A very high working capital turnover ratio can also show that a business does not have enough capital to support its plan for sales growth.

 

Working Capital Turnover

The working capital turnover ratio is also referred to as net sales to working capital. It indicates a company’s effectiveness in using its working capital. The working capital turnover ratio is calculated as follows. Working capital turnover = net annual sales divided by the average amount of working capital during the same 12 month period.

For example, if a company’s net sales for a recent year were $1,000,000 and its average amount of working capital during the year was $200,000, its working capital turnover ratio was 5 ($1,000,000 divided by $200,000). With this ratio, you can operate with a high degree of comfort. However, if your sales were $1,000,000 and the average working capital was only $80,000, the working capital would be 12.5, which means you would always be struggling to pay your bills and take advantage of payment discounts and other opportunities.

A measurement comparing working capital to the generation of sales over a given period provides some useful information as to how effectively a company is using its working capital to generate sales.

The working capital turnover ratio is used to analyse the relationship between the money used to fund operations and the sales generated from these operations. In one sense, the higher the working capital turnover, the better the utilisation of funds, because it means that the company is generating a lot of sales compared to the money it uses to fund the sales.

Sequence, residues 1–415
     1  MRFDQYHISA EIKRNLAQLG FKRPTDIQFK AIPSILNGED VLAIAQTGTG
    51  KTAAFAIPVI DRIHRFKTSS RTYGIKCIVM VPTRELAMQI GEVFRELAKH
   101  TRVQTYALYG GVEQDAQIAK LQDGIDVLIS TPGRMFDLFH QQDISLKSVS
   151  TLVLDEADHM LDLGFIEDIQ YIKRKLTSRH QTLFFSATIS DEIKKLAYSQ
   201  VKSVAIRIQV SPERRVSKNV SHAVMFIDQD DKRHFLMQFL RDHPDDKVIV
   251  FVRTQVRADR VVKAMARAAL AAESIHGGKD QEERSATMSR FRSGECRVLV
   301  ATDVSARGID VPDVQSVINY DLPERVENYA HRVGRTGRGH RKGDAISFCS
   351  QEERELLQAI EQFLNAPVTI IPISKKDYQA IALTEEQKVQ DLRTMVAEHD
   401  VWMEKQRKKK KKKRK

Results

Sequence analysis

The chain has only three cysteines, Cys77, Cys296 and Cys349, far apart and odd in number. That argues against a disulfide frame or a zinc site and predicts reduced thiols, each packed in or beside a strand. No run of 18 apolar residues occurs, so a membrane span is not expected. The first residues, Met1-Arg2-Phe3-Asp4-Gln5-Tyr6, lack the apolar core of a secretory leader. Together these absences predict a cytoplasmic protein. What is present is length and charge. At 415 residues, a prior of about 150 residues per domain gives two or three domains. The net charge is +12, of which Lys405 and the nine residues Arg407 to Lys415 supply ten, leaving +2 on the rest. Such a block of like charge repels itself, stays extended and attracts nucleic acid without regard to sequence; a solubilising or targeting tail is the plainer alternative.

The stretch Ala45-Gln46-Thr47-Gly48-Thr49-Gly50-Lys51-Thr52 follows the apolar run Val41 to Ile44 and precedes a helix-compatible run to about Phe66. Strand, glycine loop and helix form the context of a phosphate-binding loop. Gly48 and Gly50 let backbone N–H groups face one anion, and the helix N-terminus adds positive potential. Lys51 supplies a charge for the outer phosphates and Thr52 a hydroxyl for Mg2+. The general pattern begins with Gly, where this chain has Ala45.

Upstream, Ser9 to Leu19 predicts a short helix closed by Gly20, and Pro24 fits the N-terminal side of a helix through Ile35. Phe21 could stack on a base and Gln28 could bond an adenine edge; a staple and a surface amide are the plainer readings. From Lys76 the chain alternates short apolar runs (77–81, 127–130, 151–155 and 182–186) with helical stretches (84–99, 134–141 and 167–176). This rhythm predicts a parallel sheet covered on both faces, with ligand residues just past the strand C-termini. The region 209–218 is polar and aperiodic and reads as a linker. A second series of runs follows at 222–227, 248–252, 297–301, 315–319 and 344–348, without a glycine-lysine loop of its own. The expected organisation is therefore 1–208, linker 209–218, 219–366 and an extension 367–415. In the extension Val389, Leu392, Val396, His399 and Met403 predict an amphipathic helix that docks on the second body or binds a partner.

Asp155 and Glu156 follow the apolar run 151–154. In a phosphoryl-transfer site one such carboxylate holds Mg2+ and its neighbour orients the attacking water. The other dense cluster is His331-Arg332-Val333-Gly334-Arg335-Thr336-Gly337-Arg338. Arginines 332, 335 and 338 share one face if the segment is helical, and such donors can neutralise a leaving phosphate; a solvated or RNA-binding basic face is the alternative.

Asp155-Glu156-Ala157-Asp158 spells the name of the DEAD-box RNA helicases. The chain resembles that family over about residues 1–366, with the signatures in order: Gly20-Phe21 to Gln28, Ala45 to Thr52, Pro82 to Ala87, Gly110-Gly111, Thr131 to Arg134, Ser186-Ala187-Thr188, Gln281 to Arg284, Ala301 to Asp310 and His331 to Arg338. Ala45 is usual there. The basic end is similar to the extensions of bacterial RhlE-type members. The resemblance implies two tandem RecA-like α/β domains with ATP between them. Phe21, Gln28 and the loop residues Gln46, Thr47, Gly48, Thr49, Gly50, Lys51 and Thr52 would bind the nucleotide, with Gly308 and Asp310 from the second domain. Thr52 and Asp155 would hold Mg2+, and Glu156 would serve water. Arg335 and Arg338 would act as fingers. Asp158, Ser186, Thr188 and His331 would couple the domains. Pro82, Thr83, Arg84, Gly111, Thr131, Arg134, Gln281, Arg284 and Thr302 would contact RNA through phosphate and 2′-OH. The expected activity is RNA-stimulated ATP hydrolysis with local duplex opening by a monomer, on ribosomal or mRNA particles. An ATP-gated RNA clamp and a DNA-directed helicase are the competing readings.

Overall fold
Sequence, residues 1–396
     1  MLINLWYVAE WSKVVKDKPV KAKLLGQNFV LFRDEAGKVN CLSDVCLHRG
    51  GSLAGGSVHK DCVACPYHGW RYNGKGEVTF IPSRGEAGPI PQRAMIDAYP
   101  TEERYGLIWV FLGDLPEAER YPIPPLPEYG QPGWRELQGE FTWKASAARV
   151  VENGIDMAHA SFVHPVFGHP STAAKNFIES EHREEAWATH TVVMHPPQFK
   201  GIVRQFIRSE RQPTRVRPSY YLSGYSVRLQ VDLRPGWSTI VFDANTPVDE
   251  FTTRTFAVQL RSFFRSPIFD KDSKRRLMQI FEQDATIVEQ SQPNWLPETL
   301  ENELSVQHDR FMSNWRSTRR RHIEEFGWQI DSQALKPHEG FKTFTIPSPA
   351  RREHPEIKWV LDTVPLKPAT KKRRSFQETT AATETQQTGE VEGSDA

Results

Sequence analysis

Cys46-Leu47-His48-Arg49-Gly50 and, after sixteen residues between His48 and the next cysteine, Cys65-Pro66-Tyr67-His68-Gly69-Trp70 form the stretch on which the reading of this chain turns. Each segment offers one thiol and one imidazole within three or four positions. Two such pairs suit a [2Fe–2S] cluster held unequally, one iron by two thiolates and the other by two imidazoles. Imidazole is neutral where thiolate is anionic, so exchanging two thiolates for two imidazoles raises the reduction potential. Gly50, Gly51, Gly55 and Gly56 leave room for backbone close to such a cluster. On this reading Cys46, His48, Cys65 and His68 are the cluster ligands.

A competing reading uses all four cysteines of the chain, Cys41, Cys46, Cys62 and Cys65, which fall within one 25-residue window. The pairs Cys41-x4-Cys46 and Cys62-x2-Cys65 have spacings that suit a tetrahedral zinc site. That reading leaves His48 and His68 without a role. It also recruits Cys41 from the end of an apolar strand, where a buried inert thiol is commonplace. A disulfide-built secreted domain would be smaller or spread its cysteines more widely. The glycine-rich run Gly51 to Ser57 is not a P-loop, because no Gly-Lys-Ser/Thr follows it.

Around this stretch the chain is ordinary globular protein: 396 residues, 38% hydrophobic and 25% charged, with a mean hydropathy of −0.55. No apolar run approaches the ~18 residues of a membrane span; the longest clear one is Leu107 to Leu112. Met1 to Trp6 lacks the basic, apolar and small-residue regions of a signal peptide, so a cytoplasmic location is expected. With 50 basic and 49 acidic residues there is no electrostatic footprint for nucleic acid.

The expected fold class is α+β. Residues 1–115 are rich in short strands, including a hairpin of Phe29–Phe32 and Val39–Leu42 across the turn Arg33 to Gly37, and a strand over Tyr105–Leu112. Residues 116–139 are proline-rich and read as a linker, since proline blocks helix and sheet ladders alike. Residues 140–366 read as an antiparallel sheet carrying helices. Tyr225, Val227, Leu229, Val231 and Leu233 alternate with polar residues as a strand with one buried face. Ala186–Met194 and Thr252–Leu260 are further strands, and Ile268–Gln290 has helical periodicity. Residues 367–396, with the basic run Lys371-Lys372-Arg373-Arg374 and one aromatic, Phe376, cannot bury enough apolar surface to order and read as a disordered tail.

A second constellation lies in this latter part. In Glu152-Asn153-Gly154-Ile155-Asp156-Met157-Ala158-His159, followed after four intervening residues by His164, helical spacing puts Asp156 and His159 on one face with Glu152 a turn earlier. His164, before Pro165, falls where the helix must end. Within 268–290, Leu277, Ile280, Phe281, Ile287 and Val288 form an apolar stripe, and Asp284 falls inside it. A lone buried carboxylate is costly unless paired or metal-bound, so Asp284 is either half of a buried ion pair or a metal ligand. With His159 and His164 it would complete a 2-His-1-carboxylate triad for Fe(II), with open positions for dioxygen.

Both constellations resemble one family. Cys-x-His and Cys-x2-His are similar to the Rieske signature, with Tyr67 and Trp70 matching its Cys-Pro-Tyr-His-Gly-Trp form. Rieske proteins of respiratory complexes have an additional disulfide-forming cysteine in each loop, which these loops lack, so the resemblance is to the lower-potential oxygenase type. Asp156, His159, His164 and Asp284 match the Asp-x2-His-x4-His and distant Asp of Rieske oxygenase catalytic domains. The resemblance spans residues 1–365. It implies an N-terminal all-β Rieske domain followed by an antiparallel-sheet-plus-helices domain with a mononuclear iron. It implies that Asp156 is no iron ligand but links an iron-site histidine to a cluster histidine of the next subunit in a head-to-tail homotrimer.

When used in the analysis of your business, the ratio can be compared to similar businesses, or to your own historical working capital turnover.

 

What is a liquidity ratio?

A liquidity ratio is an indicator of whether a business’s current assets will be sufficient to meet their obligations when they become due.

The liquidity ratios include the current ratio and the acid test or quick ratio. The current ratio and quick ratio are also referred to as solvency ratios. Working capital is an important indicator of liquidity or solvency, even though it is not technically a ratio.

Liquidity ratios sometimes include the accounts receivable turnover ratio and the inventory turnover ratio. These two ratios are also classified as activity ratios.

 

What is the quick ratio?

The quick ratio is a financial ratio used to gauge a business’s liquidity. The quick ratio is also known as the ‘acid test’ ratio.

The quick ratio compares the total amount of cash + marketable securities + accounts receivable to a number of current liabilities. The quick ratio differs from the current ratio in that some current assets are excluded from the quick ratio. The most significant current asset that is excluded is inventory. The reason is that inventory might not turn into cash quickly.

 

[read more=”Personal Experience” less=”Personal Experience”]

Personal Experience

Keeping your business financially sound requires that you pay close attention to the financial data you are generating every day. This means having sound bookkeeping and a good accounting system which will provide you with good control over you working capital

Each component of working capital has two dimensions, time and money. If you can acquire money to move faster around the cycle by collecting debtors more quickly or reduce the amount of money tied up in inventory relative to sales.

Or if you sell off obsolete or underutilised equipment, the business will generate more cash and won’t need to borrow as much money to provide for an optimum level of working capital.

You must generate enough income, in both profits and capital, to meet your operating expenses and service any debt, while allowing for additional working capital to fund the growth you are aspiring too.